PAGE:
Perfect posture is a myth, but good posture still matters!

While perfect posture is a myth, it is still important to address it. It has been a lot of debate around posture lately. Some believe it’s not important at all, others defend it is.

It Is true that we’ll never have the perfect spine we see on textbooks, however in some cases we have to address it. Especially, when there is already pain and dysfunction. Every day I see in my clinical practice the correlation between poor posture and musculoskeletal dysfunction.

Firstly, I would like to analyse joint biomechanics, which is defined as the study of the mechanics of the movement of a living organism. So, all joints in our body have two surfaces and they are supposed to move as a unit in order to promote body function. They are constructed to allow for different degrees and types of movement. Their function is defined by their shape. Movement is powered by muscles.

Human joint types

Now, to illustrate it, imagine a door which the hinge is not well positioned, every time you open that door, puts strain on the hardware. If you don’t fix it, the door will eventually fall off. Our joints are not different from that. If the surface is not moving freely there will be wear and tear over time. This is called osteoarthritis, OA. Yes, we’ll all have some degree of OA as we age, but if we can improve joint lifespan and avoid surgery in the future, why not, right?

Lastly, take a deep breath and see how it feels. Now adopt a slouched posture and again take a deep breath. Feels harder. Now keep the same posture raise your arms and breathe again. It’s usually even harder. This is because you change the position of your ribs and how they connect with your spine and breast bone, thus decreasing the ability of the ribs to expand, thus limiting lung capacity. Translating there is less oxygen in your cells and a lot more strain in all the joints that form the ribcage.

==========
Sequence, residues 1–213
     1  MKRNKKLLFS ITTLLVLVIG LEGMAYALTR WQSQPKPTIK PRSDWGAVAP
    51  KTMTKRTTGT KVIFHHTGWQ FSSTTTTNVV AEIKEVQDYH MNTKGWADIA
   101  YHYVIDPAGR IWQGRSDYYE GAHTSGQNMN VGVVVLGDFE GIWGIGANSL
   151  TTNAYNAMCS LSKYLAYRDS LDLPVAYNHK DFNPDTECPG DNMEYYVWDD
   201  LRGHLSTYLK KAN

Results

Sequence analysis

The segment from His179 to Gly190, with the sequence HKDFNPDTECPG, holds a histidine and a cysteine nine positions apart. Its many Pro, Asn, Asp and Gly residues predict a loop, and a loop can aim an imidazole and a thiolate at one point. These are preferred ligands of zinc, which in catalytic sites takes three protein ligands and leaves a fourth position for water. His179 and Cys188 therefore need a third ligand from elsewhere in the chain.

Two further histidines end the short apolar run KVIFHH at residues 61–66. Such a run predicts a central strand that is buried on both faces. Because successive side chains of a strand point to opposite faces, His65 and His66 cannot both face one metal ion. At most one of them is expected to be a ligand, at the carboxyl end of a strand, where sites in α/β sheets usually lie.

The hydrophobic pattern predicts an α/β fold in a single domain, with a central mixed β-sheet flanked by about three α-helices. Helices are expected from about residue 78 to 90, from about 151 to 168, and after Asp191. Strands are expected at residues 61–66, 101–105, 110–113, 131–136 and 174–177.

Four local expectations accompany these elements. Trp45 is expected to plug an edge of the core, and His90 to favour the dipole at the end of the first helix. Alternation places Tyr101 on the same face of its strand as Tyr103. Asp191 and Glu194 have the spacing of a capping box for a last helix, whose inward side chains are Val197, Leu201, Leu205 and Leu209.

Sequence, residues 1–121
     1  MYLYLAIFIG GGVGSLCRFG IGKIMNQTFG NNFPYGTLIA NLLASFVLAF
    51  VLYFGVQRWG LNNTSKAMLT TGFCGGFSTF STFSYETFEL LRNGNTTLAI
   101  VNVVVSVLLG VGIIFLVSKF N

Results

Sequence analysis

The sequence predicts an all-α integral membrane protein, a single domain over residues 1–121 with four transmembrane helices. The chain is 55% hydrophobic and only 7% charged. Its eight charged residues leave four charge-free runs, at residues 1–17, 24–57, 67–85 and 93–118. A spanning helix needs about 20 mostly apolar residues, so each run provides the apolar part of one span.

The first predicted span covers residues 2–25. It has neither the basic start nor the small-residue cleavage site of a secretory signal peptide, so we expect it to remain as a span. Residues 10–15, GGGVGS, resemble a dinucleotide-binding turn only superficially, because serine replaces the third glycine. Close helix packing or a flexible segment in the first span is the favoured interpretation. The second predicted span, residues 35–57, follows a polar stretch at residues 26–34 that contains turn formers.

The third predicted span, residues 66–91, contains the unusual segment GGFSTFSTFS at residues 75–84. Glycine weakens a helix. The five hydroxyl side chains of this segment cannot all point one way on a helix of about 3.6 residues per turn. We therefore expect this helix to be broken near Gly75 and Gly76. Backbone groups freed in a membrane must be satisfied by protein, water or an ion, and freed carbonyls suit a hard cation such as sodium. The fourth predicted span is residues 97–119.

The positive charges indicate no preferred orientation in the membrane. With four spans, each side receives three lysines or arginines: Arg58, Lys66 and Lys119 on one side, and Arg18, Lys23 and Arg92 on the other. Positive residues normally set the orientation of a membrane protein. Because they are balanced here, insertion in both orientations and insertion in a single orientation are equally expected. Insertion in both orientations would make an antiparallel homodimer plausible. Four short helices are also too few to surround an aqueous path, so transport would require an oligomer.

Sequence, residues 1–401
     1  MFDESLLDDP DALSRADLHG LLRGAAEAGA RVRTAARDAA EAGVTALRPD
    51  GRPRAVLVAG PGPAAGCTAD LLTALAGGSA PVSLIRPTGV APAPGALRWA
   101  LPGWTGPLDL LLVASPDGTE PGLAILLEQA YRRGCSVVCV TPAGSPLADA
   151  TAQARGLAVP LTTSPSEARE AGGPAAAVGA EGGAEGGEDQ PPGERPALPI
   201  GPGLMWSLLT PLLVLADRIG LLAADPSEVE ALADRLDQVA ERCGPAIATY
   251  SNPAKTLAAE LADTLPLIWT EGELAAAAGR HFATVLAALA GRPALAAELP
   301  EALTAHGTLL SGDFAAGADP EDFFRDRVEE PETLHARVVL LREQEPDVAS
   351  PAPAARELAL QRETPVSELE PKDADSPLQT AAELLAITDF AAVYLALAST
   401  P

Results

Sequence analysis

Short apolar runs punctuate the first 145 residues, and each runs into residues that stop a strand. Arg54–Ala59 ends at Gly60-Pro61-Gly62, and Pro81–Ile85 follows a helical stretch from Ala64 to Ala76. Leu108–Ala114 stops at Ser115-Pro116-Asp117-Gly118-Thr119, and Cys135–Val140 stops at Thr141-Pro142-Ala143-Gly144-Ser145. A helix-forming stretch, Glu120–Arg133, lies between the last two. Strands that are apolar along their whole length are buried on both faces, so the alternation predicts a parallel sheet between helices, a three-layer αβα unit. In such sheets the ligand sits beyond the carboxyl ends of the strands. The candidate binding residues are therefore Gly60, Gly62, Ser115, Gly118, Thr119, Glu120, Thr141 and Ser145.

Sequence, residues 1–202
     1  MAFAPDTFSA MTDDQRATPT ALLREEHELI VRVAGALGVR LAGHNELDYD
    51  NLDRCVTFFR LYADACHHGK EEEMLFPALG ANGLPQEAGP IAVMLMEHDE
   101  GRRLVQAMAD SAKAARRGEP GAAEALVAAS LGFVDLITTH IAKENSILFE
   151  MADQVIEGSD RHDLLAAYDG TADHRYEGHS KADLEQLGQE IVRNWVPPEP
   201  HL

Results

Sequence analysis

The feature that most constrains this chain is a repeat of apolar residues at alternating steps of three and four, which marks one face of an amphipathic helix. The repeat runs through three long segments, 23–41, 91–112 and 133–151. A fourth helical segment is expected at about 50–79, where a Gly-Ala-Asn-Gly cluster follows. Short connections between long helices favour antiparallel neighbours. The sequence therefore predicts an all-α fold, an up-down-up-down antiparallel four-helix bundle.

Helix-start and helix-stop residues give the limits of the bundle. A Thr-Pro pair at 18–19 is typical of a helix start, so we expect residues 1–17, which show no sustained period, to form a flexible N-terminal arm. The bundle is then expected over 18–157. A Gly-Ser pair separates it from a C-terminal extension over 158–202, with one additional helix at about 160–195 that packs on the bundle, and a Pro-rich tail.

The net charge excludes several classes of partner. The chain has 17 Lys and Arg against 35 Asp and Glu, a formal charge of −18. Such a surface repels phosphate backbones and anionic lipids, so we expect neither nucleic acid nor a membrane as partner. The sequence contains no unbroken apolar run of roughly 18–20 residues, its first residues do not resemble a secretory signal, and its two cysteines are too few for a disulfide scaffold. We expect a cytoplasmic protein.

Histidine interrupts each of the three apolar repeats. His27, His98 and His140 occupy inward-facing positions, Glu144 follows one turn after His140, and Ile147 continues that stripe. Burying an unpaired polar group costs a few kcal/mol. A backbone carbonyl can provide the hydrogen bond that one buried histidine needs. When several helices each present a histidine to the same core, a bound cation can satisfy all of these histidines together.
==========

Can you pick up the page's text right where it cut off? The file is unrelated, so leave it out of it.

Some defend that “People have back pain because they are holding their backs” I respect their opinion and agree at some degree. One of the differences between GPR and other methods is that we work on the static function, muscles that are supposed to create stability. According to Prof. Souchard, creator of GPR, the dysfunction of the static muscles is to become tight, relaxing those muscles is the way to go. What I don’t agree is that just telling people to relax will do the trick.  It is necessary to teach the body how to relax and how to correctly recruit those deep postural muscles. Especially when there is already pain it is necessary to increase space within the joint, lengthening muscles, promoting symmetry to then alleviate symptoms. This ultimately will improve your posture.

Another statement that we need to be careful about is “Don’t go about changing your posture if there is no pain.” We need to assess each case individually. Scoliosis in children and adolescents, for instance, can progress quite quickly and can have serious consequences even in lung capacity. It is usually pain-free, but needs close supervision and treatment, especially during growth spurts.

I have been working with Global Postural Re-education since 2006 and I see every day the correlation between poor posture and pain. More often than not, efficient pain management is only achieved with joint decompression and re-alignment. Only then, we are able to improve function.  For Philippe Souchard, creator of GPR Method there is no model or protocol to follow. Every session is unique because it is based on each individual presentation and how they respond to the treatment.

Clarisse Reis

(Senior Physiotherapist)

You might want to read the article Perfect Posture Myth

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